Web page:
Process Monitor is an advanced monitoring tool for Windows that shows real-time file system, Registry and process/thread activity. It combines the features of two legacy Sysinternals utilities, Filemon and Regmon, and adds an extensive list of enhancements including rich and non-destructive filtering, comprehensive event properties such as session IDs and user names, reliable process information, full thread stacks with integrated symbol support for each operation, simultaneous logging to a file, and much more. Its uniquely powerful features will make Process Monitor a core utility in your system troubleshooting and malware hunting toolkit.
How to configure PROCMON and how to create a bootlog
Prepare “Process Monitor” for logging
1. Login using an account with administrative privilege (for example “Administrator”)
2. Create a folder in system drive (default C:\ ) named “monitor”
3. Download the software using the following link:
4. Extract the archive to the folder C:\monitor created in step 2.
5. Double Click on the file “Procmon.exe”
6. Click on the “Capture” icon to stop the capture process.
7. The Capture icon will now have a red X over it, meaning that the program is no longer capturing events.
8. Now go in to the “File” menu ( first from left in the program window)
9. Select “Backing Files” (Shortcut CTRL-B) scrolling down on the menu and click with left mouse button, or if you use a keyboard scroll down with arrows and press enter
10. This will open the “Process Monitor Backing Files” window.
11. Now click on the radial button near “Use file named:” to enable the named field
12. Insert in the name field the desired destination folder (here we will use the folder "C:\monitor" that we initially extracted the ProcessMonitor.zip to) and target file name e.g. “C:\monitor\tempfile.pml”
13. Now click on the OK button to confirm
14. This will bring up the confirmation dialog box shown below:
15. Select “OK” button to continue.
16. As soon as “OK” is selected you will be returned to the main window.
17. Close the program.
18. Double Click on the file “Procmon.exe”.
19. Click on the “Capture” icon to stop the capture process.
20. The Capture icon will now have a red X over it, meaning that the program is no longer capturing events.
21. Now go in to the “File” menu ( first from left in the program window)
22. Select “Backing Files” (Shortcut CTRL-B) scrolling down on the menu and click with left mouse button, or if you use a keyboard scroll down with arrows and press enter
23. Now appears a new windows with title “Process Monitor Backing Files”
24. Verify that ProcMon is using the previously configured named file.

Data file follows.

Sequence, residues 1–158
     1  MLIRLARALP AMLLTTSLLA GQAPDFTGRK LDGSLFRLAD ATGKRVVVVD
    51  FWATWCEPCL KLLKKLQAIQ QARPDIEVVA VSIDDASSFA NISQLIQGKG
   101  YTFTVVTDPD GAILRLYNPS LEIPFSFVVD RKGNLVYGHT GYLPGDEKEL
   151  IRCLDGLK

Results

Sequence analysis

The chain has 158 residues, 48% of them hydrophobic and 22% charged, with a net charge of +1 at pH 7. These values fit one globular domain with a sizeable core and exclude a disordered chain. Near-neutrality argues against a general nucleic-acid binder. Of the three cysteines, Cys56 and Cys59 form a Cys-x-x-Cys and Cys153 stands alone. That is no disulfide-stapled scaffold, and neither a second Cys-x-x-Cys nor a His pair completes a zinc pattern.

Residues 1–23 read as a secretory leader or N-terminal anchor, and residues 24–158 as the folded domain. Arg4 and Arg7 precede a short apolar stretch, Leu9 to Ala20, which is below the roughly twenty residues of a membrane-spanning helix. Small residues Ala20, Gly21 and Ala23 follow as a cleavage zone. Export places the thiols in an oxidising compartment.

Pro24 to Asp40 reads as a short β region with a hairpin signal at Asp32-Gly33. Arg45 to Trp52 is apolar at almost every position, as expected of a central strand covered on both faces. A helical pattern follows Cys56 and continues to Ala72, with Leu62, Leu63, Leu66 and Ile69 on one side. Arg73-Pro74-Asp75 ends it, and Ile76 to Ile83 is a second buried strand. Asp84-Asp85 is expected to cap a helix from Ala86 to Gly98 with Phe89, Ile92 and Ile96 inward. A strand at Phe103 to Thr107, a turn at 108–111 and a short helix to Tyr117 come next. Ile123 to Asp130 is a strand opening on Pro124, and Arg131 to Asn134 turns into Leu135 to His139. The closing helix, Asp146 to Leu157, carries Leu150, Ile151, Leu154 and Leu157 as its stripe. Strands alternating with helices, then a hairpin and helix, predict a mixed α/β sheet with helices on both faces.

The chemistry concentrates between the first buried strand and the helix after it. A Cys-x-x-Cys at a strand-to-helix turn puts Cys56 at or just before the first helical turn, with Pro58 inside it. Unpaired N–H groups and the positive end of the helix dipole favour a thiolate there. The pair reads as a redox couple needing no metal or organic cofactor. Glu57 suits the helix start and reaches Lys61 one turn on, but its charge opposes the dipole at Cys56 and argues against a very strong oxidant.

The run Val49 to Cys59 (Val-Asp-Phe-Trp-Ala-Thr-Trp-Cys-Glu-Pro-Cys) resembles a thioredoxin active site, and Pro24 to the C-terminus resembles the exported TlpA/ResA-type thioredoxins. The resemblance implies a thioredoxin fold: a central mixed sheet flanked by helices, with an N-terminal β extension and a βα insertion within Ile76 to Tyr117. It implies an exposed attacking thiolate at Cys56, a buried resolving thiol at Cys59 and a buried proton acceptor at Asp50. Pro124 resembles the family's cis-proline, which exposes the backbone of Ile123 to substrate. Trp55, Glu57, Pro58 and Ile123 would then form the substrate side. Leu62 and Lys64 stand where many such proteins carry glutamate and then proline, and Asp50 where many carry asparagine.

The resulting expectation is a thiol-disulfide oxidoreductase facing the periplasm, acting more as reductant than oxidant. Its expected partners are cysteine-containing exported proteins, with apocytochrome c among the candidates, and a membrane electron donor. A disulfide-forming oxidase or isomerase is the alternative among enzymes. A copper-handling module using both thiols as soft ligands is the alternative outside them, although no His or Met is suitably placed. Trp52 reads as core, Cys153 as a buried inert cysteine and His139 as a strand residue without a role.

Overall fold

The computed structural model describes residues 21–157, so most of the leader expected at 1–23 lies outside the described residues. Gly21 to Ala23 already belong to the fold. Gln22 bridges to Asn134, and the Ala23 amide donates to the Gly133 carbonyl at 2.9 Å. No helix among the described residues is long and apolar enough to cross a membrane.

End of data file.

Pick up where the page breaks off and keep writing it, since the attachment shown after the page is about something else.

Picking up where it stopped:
25. Select the “Cancel” button to close the window.
26. Now the program is ready for analysis.
Use “Process Monitor” for “Boot Logging”
1. Login using an account with administrative privilege (Administrator is recommended)
2. Navigate to the folder that ProcessMonitor.zip was extracted to (e.g. C:\monitor)
3. Double Click on the file “Procmon.exe”
4. Click on the “Capture” icon to stop the capture process.
5. The Capture icon will now have a red X over it, meaning that the program is no longer capturing events.
6. Now go in to the “Options” menu and select “Enable Boot Logging”
7. The following dialog box will open.
8. “Process monitor” is configured to log activity during the next boot. Select the “OK” button to close the program.
9. Reboot the system
10. Login with the previously chosen account (e.g. Administrator)
11. Allow the system to fully load windows and any associated startup programs. ( Generally this will take from 5-15 minutes)
12. Navigate to the folder that contains Procmon.exe (e.g. C:\monitor)
13. Double Click on the file “Procmon.exe”
14. This will open the following dialog box.
15. Click “Yes” to save the collected data.
16. This will open the Save As dialog box.
17. Insert in the “File name” field the desired name for the output (e.g. bootlog001.pml) and select the "Save" button.
18. As soon as you select the "Save" button a progress bar appears reporting boot-time event conversion.
19. Following the boot-time event data conversion, the process will apply the Event Filter.
20. Following the Event Filter application, ProcMon will return to the default console. Note that the capture icon shows as disabled.
21. The previously defined folder will now contain the following file “C:\monitor\bootlog001.pml”
By default, Procmon will not collect certain Auto-Protect events. For instructions on how to do so, please see Document ID TECH98079, "How to Configure Sysinternals' Process Monitor to Record Symantec's Auto-Protect Events" (link - )
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